CBS' Strong Upfront, Early NFL Deal-Making Yields Solid Advertising Position

Gaining a big draft from the overall strength of the national TV market, ViacomCBS -- as well as other major TV network groups -- inked stronger, high-priced NFL ad deals, helped by new connected TV (CTV) streaming services that will air the league games.

“We have actually gone to double-digit [percentage price] increases for the NFL throughout the regular season and playoffs,” says John Bogusz, executive vice president of sports sales and marketing for CBS Sports, speaking to Television News Daily. “We are very well sold going into the season.”

Deal-making in the marketplace, he says, “has been healthy, active, and moved significantly earlier than a year ago.” Much of this comes quickly, beginning after Memorial Day.

Going forward, CBS has scatter game inventory available for selective regular-season weeks as well as inventory in the playoffs. “There is going to be a pricing premium associated with [that inventory].” says Bogusz.



There will also be an extension into streaming plans.

CBS’ traditional TV advertising feed will extend to ViacomCBS’ streaming platform Paramount+, which not only broadens the reach for marketers, but helps pull in younger viewers favored by many advertisers, says Bogusz.

Standard Media Index says overall, NFL games pulled in $3.4 billion in ad revenues in total for all national TV networks for the 2020/2021 TV season -- excluding the Super Bowl.

Last year, the NFL benefited from more at-home marketers, due to the COVID-19 pandemic -- delivery services, premium streaming video businesses and technology services.

Tony Taranto, senior vice president of sports sales for CBS Sports, says these marketers returned to the NFL this season: “All those advertisers really stuck [with us] this season.”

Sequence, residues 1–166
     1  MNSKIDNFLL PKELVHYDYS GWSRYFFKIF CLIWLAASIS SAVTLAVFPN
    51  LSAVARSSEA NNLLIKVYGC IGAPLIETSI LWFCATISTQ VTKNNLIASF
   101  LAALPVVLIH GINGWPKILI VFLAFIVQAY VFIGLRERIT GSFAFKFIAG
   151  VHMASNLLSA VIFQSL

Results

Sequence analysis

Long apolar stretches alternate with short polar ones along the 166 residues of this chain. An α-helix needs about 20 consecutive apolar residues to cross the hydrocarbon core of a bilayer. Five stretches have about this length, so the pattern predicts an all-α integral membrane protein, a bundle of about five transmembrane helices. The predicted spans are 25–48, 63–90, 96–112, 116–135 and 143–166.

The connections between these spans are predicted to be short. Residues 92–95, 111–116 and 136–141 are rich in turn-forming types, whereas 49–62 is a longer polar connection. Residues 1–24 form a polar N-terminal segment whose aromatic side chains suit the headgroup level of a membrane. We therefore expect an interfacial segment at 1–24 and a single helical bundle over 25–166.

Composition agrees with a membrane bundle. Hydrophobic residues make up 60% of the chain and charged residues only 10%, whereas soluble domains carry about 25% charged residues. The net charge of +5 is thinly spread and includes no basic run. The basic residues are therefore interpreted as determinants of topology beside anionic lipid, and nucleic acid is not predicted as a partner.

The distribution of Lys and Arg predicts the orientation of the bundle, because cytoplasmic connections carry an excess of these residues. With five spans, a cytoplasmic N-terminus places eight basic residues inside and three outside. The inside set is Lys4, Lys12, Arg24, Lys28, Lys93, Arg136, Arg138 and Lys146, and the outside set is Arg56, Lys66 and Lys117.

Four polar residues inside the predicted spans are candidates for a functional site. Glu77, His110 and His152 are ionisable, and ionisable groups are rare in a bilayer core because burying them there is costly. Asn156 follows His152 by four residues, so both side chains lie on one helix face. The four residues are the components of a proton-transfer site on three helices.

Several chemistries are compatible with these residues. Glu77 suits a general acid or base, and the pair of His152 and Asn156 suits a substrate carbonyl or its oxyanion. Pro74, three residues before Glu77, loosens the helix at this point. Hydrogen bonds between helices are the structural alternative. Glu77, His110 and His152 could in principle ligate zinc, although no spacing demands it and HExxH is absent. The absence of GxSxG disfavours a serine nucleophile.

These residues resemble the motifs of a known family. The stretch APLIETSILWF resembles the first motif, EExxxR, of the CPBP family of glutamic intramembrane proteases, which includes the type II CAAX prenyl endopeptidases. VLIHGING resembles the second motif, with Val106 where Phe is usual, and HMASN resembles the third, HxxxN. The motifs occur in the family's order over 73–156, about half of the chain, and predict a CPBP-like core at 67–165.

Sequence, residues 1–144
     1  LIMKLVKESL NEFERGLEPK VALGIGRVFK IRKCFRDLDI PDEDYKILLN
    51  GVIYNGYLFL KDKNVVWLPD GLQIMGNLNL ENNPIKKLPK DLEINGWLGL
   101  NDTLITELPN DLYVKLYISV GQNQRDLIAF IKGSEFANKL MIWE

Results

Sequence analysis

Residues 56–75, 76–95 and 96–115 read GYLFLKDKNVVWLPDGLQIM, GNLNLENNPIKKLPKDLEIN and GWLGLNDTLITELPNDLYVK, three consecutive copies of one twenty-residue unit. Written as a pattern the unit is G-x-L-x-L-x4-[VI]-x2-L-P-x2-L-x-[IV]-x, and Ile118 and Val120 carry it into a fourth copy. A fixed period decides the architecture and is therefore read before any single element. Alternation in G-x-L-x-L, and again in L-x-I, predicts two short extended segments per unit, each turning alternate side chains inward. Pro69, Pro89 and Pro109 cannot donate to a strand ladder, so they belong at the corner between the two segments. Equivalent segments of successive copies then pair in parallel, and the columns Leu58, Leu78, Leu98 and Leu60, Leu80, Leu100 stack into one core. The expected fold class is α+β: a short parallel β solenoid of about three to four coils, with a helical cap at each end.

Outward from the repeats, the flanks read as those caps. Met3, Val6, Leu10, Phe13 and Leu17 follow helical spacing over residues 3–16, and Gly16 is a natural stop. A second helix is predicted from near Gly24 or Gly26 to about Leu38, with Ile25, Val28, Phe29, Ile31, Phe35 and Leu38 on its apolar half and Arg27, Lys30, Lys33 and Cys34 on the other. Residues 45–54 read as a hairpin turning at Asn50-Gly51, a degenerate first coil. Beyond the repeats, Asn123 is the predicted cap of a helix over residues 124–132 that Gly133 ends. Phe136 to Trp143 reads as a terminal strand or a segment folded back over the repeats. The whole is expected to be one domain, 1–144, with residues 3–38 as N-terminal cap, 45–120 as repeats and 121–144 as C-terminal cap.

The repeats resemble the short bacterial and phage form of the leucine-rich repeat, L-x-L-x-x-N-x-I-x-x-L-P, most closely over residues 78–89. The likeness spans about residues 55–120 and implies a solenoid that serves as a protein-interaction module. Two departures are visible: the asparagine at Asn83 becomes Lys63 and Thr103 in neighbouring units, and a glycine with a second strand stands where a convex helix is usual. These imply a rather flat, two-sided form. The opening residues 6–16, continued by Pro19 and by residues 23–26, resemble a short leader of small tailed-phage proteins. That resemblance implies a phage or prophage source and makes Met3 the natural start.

Last season, at-home focused NFL TV advertisers (or those steering more messaging in that direction) included: Amazon, Apple, Postmates, Google, Pizza Hut, Domino’s, Microsoft Teams, Disney+, Apple TV+, Hulu, Uber Eats and Amazon Fire TV, according to

Taranto also notes that movie studios are increasing spending as theaters continue to slowly open. The winter holiday season is typically a revenue-producing period for cinemas.

This year, the NFL has allowed “approved” sports betting operations to buy national TV advertising inventory, due to increasing legalization of sports wagering in many states.

“Gaming is a new category which will act as a catalyst,” says Taranto. “Demand has been very strong because this is the first time [gambling operations can buy NFL TV advertising].” At the same time, he notes: “There will be winners and losers in this category.”

The NFL approved seven sportsbooks for the new season -- including Caesars Entertainment, DraftKings, FanDuel, Fox Bet, BetMGM, PointsBet and WynnBET.

When it comes to new ways to expand beyond a 30-second commercial, CBS says it will continue to try new onscreen ideas for marketers.

“Double boxes are very popular; the research bears that out,” says Taranto, referring to the simultaneous split-screen video. This can feature live in-stadium footage during time outs in one video box, and ad messaging in another side-by-side video box.

“New permutations probably won’t come until the next contract cycle where we can experiment a little bit more,” Taranto says.

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